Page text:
Sugar and Spice
Carl Swanson takes a trip to the Greek island of Hydra, winding up in a former slaughterhouse for a bittersweet encounter with Kara Walker’s glad hand.
"Kara Walker—Figa," DESTE Foundation Project Space. Photo: Fanis Vlastaras & Rebecca Constantopoulou
When Kara Walker's enormous frosted sculpture A Subtlety, or the Marvelous Sugar Baby appeared in Brooklyn's old Domino refinery three years ago, it drew 130,000 visitors, gracing endless selfies before being demolished. Now it's back, at least in part. Figa , a solitary paw salvaged from the original Styrofoam-and-sugar sphinx, went on display recently on the Greek island of Hydra, courtesy of supercollector Dakis Joannou. Carl Swanson went to get reacquainted.
From now through September, in a former slaughterhouse on the Greek Island of Hydra, the severed left front paw of Kara Walker's A Subtlety, or the Marvelous Sugar Baby rests on a bed of that white powder, looking rather like a trophy dessert. The bunker-like room is so small they had to remove the door frame to slide the limb in, and even then it was a tight squeeze. The paw is all that remains of the 75-foot-long, 35-foot-high mammy-headed sugar sphinx that presided over the decommissioned Domino refinery in Brooklyn for a few heavily Instagrammed months in the summer of 2014.
Over 130,000 people saw the work there, ten-foot-tall vagina and all, many standing in line for hours to get a look at this grimly delightful pop-up monument to the brutal nineteenth-century trade and its cultural aftertaste. Sublime and slyly discomfiting, it was great public art. And then it was gone. The developer who'd bought the Domino plant wanted to remodel the space into the centerpiece of a massive set of waterfront apartment towers. Walker's London gallery Victoria Miro looked into having Tate Modern reprise the work, but—in spite of the fact that Tate Britain was founded on the collection of sugar refiner Henry Tate—nothing came of the idea.
But even as A Subtlety became a selfie magnet, artist-anthropologist Walker was watching us too, secretly recording viewers' reactions. The artist later assembled her footage into a film, An Audience, screening it at her gallery, Sikkema Jenkins, alongside the souvenir forearm after the frosted Styrofoam structure had been demolished. And here's something I hadn't noticed while looking at the sculpture in Brooklyn: the figure's thumb is tucked between her fingers to make a figa, a mildly obscene gesture in some cultures which might signal that Sugar Baby is DTF. Or perhaps the message is one of female empowerment. In any case, the installation on Hydra was named for the sign.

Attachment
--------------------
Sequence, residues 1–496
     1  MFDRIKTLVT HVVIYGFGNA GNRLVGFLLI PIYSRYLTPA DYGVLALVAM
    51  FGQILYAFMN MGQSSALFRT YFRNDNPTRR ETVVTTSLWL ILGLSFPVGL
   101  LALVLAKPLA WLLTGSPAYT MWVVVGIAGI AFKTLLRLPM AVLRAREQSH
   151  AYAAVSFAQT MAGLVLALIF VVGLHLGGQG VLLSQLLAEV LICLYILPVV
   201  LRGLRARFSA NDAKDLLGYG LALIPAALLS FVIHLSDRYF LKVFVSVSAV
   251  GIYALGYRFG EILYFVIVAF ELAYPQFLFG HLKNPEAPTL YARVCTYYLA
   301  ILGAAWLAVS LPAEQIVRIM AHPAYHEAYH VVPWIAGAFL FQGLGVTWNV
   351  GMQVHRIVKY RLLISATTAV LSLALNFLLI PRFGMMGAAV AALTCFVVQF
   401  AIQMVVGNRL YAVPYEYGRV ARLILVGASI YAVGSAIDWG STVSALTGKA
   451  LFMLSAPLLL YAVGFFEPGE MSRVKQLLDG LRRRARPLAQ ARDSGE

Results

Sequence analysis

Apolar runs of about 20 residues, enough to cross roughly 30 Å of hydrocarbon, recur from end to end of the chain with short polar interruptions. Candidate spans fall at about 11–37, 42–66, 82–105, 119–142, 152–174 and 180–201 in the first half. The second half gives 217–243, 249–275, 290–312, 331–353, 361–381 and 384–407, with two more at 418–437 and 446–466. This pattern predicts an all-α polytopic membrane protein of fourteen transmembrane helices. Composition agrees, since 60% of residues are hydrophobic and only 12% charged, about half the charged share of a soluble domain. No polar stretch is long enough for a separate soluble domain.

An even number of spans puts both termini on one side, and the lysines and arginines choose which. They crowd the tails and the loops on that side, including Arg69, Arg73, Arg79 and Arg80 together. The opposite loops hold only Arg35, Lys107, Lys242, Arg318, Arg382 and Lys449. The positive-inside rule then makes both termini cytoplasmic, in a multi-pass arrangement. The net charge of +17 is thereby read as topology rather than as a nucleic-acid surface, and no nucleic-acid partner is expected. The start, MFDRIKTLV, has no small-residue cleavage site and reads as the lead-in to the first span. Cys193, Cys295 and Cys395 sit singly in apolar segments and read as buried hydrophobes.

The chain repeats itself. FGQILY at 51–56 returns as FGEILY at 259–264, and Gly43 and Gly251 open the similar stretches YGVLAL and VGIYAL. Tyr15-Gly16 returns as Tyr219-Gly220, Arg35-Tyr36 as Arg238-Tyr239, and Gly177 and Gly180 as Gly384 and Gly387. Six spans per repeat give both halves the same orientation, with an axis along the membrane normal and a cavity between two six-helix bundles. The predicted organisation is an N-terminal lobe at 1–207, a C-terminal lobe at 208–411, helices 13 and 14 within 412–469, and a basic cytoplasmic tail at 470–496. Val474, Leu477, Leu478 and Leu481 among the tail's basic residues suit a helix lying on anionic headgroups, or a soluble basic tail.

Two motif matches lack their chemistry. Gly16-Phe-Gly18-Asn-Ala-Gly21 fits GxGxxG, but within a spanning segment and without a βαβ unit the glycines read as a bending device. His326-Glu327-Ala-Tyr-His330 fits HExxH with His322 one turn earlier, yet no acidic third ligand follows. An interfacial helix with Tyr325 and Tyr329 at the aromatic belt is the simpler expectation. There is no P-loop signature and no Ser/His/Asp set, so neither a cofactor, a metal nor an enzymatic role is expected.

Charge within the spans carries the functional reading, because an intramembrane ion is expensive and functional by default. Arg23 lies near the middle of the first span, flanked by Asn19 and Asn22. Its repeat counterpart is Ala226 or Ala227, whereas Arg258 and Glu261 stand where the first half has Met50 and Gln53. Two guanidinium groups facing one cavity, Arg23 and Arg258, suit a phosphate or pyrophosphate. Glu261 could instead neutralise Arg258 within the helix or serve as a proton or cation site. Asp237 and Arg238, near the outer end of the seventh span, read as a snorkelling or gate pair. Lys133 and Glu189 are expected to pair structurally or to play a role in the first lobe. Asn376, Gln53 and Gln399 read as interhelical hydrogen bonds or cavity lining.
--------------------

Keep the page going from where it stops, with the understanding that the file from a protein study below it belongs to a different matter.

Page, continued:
At the invitation of Greek-Cypriot supercollector Dakis Joannou, Walker, the severed limb, and her boyfriend the photographer Ari Marcopoulos had undertaken a working vacation to the prosperous tourist isle (also a stomping ground of Leonard Cohen and Brice Marden). Marcopoulos has family on the island too, and during my visit Walker was often besieged by her cheery Greek in-laws. If Walker seems to have an intellectualized, conflicted relationship to her fame—again, she'd mostly rather watch us—Marcopoulos is youthfully gregarious. She in floppy hat and sundresses, he in skatewear, trucker cap, and bushy gray beard, they complimented each other perfectly.
In 2009, Joannou decided to turn Hydra's old slaughterhouse into a project space. As a collector, Joannou is indulgent; he wants to see what will happen. Every June, he makes a weekend of it, and the opening festivities have become one of the more idiosyncratic dates on the art-world circuit. And absent overt corporate sponsorship and branding opportunities, it's really just the Dakis Show, a product of his peculiar ambition. The guests vary a bit each year, depending on the exhibitor; Joannou has had long relationships, and made early calls on, many consequential artists, notably Maurizio Cattelan and Urs Fischer. Jeffrey Deitch and Massimiliano Gioni are among his longtime consiglieri.
The Hydra opening comes at the end of Joannou's annual Deste Foundation weekend, one aim of which is to promote Greek contemporary art internationally. So there are events in Athens and a party at his house there. Maybe surprisingly, the house is not architecturally remarkable, more a big, comfortable Mediterranean box set into a hill. But inside it's an enchanted toy chest of contemporary art amusements. His Superstudio furniture makes even sitting around fun. It's the sort of party at which it takes you a minute to realize the gangly Brit who's telling you a story about the time Ivanka Trump hit on his friend backstage at a rock concert is artist David Shrigley—he's doing the Slaughterhouse next year—and where Maurizio Cattelan manages to lean on wet black paint before, catching my eye across the room, pretending he's going to wipe it off on Joannou's back. When Joannou turns around, he laughingly commissions some handprints on the wall. The next day, everyone goes to Hydra, the luckiest aboard the Guilty, Joannou's yacht, which Jeff Koons painted in Pop-art camouflage.